Black Engineers Join Forces to Boost Diversity

/dev/color is a nonprofit mentorship organization for black engineers

Makinde Adeagbo, software engineer at Pinterest (Image: Code.org)

This article was originally published on USAToday.com on Oct. 7, 2015.

Makinde Adeagbo knows how isolating it can be to live and work in Silicon Valley as an African American. He says it’s even more isolating to be a software engineer here.

Adeagbo, who is an engineer at the San Francisco company Pinterest, says he can go weeks without spotting another black engineer in America’s tech hub.

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“It’s not only that you are the only black person in the room or in the company, often times you are the only black person you see in Palo Alto or Menlo Park,” says Adeagbo, 30.

About 1% of engineers at Facebook and Google are African American. The population of Palo Alto, Calif. is 2% African American, Menlo Park, Calif., is under 5%.

Over the summer Adeagbo founded /dev/color, a nonprofit group for African American engineers that officially launched on Wednesday. The group brings together engineers from top companies such as Facebook, Uber and Airbnb to provide support and a voice to African Americans and give them the opportunity to raise up the next generation, Adeagbo says.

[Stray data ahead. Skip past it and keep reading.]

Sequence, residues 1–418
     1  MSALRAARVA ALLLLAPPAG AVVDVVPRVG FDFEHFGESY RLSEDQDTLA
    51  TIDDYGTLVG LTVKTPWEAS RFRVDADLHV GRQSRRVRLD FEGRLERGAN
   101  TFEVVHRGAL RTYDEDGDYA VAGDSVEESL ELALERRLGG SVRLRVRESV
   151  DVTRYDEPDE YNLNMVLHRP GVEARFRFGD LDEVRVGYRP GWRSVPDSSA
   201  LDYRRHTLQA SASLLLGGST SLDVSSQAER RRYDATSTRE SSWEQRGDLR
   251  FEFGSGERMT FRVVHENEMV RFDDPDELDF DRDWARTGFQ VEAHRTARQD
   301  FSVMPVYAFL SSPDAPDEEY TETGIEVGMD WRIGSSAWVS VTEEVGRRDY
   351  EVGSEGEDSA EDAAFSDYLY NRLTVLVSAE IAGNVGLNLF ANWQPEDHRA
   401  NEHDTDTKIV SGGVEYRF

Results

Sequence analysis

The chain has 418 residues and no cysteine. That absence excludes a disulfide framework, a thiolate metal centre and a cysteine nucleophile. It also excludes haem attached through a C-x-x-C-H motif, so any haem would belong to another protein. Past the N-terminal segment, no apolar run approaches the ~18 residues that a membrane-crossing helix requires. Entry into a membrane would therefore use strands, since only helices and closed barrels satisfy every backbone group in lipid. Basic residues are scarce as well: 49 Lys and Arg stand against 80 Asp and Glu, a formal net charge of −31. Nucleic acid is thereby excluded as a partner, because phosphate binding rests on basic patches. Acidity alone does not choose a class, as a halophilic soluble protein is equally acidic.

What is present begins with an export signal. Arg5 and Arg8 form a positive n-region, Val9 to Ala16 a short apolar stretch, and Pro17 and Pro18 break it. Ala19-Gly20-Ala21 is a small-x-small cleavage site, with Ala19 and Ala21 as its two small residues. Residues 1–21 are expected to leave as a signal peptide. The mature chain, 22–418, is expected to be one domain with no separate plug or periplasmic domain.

Adeagbo says he hit on the idea while volunteering as a mentor to a couple of computer science students.

“These students knew they had someone who had their backs, whom they could look up to and reach out to when they needed help. I thought to myself: Every black software engineer could accomplish a lot if they had someone like this,” says Adeagbo.

The name /dev/color is a reference to a common directory on computer systems “as well as our efforts to strengthen the community of Black software engineers, engineers of color,” he says.

Adeagbo’s /dev/color is joining Black Girls Code, Code 2040, and the Hidden Genius Project, a new and growing wave of enterprising organizations founded by African Americans aimed at addressing the scarcity of African Americans in the tech industry.

“Other black software engineers need to provide this for the black engineers coming behind them,” says Adeagbo, who is splitting his time between /dev/color and Pinterest. “We all need to work together to pull ourselves up and make sure we are accomplishing all that we can.”

Read the rest at USAToday.com.